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317 examples of  letty  in sentences

317 examples of letty in sentences

" "You certainly shall have a preacher-bonnet, Letty.

Letty said truly that Jo had a gift of speech; and she, having said her say about the hair, dismissed the matter, with no uneasy recurring to it, and took up a book from the table, declaring she was tired of her seam; she always was tired of sewing!

Why don't you unfold Letty's fate?

You may tell Letty's fortune, or mine, if you will; but my power is gone.

"Look at Letty," said I, succeeding at last in a laugh.

And really Letty was comical to look at; she was regarding Josephine and me with her eyes wide open like two blue larkspur flowers, her little red lips apart, and her whole pretty surface face quite full of astonishment.

"Wasn't that a nice little tableau, Letty?" said Josephine, with preternatural coolness.

" Letty rubbed her left eye a little, as if to see whether she was sleepy or not, and looked grave; for me, the laugh came easily enough now.

"Shall I tell your fortune now, Letty?

" "No, Letty, she shall not vex your head with nonsense.

" Letty turned pale with rage.

Friend Allis will break her heart over Letty; but I'd bet you a pack of gloves, that in three years you'll see that juvenile Quakeress in a scarlet satin hat and feather, with a blue shawl, and green dress, on the arm of a fast young man with black hair, and a cigar in his mouth.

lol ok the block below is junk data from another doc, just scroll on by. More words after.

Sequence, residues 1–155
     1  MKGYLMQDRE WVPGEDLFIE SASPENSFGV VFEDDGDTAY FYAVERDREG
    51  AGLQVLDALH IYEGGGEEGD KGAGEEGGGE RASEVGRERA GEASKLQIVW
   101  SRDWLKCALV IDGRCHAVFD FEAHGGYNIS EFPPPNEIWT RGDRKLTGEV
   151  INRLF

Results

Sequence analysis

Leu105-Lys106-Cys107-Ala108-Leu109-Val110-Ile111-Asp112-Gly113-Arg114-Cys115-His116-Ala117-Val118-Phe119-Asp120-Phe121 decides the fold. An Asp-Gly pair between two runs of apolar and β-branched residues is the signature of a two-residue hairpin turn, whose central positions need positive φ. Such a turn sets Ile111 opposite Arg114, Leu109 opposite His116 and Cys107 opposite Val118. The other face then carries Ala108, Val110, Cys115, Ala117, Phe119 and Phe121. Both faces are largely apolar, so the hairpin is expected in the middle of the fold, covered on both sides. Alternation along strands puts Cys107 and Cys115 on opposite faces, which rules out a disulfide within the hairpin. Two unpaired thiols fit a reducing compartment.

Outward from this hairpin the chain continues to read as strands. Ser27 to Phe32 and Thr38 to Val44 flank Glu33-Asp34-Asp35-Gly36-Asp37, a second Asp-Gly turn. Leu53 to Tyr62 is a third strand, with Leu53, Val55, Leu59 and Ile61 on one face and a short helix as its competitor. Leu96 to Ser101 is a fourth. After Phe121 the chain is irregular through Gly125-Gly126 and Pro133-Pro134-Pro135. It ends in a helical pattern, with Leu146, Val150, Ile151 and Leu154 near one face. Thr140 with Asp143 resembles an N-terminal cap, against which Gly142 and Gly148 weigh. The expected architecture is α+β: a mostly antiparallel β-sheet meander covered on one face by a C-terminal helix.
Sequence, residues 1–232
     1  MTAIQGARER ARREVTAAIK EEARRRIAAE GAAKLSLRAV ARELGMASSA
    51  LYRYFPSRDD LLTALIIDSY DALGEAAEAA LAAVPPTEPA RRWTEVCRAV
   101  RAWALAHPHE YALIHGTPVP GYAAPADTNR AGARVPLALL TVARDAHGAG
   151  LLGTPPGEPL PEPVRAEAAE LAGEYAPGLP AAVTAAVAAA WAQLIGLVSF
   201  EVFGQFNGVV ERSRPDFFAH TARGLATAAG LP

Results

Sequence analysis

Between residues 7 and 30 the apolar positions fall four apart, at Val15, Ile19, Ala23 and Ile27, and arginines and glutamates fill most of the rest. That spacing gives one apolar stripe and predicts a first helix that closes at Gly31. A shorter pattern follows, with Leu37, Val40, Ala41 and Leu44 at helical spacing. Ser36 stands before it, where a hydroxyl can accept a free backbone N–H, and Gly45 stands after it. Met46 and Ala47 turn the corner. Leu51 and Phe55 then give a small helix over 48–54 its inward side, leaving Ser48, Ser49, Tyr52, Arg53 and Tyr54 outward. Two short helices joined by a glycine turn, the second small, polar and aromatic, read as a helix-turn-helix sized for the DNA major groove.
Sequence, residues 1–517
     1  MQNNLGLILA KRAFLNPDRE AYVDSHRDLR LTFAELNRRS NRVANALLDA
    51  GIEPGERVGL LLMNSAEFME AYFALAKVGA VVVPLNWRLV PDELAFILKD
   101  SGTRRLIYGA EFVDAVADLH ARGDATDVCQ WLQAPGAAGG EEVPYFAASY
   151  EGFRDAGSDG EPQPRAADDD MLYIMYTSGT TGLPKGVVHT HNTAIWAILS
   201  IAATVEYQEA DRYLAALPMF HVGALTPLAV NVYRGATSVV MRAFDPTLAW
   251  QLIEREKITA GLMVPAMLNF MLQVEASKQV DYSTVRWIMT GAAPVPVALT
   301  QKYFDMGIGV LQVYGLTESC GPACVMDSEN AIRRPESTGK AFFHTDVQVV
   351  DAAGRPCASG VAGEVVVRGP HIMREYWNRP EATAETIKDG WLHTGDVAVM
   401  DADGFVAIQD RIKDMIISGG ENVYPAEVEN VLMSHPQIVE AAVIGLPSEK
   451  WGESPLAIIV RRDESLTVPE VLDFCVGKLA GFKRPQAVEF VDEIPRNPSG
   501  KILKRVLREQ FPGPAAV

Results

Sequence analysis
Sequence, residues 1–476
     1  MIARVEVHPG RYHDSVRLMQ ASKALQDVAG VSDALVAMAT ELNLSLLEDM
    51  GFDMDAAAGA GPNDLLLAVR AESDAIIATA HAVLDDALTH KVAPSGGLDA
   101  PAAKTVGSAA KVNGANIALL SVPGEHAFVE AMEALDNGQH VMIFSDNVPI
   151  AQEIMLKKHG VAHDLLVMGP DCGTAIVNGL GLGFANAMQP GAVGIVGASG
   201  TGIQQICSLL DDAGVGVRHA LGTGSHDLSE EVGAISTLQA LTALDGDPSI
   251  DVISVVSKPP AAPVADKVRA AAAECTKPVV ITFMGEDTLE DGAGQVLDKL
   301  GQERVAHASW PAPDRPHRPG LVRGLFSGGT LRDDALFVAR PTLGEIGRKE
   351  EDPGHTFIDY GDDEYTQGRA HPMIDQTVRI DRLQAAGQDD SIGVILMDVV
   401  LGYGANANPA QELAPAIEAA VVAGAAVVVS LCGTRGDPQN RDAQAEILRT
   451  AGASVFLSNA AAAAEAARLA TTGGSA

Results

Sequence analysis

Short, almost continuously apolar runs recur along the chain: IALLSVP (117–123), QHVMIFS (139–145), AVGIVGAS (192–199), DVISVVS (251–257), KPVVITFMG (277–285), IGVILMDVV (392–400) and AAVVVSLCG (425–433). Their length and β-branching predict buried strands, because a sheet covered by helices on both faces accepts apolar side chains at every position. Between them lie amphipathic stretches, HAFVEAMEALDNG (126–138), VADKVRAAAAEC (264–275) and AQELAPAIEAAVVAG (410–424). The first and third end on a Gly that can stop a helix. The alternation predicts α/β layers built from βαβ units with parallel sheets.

Letty was an orphan, and lived with her cousin, Friend Allis.

The cigar seemed wonderful to the half-frightened, all-amazed child; but who ever sees a fast young man without a cigar?" "I am afraid it is Henry Malden," said I, meditatively; "he is all you describe, but he is also radically bad; besides, having been in the Mexican war, he will have the prestige of a hero to Letty.

If you want Letty to marry him, just judiciously oppose it.

" "Then Letty must stay here and bide her time.

As we walked together toward the landing of the steamer, Letty Allis emerged from a green lane to say good-bye, and down its vista I discerned the handsome, lazy person of Henry Malden, but I did not inform Letty of my discovery.

On the contrary, he was more dissipated than ever; and whenever he came home, the welcome that waited for him was one little calculated to make home pleasant; for Letty's quick temper blazed up in reproach and reviling that drew out worse recrimination; and even the little, wailing, feeble baby, that filled Letty's arms and consoled her in his absence, was only further cause of strife between her and her husband.

On the contrary, he was more dissipated than ever; and whenever he came home, the welcome that waited for him was one little calculated to make home pleasant; for Letty's quick temper blazed up in reproach and reviling that drew out worse recrimination; and even the little, wailing, feeble baby, that filled Letty's arms and consoled her in his absence, was only further cause of strife between her and her husband.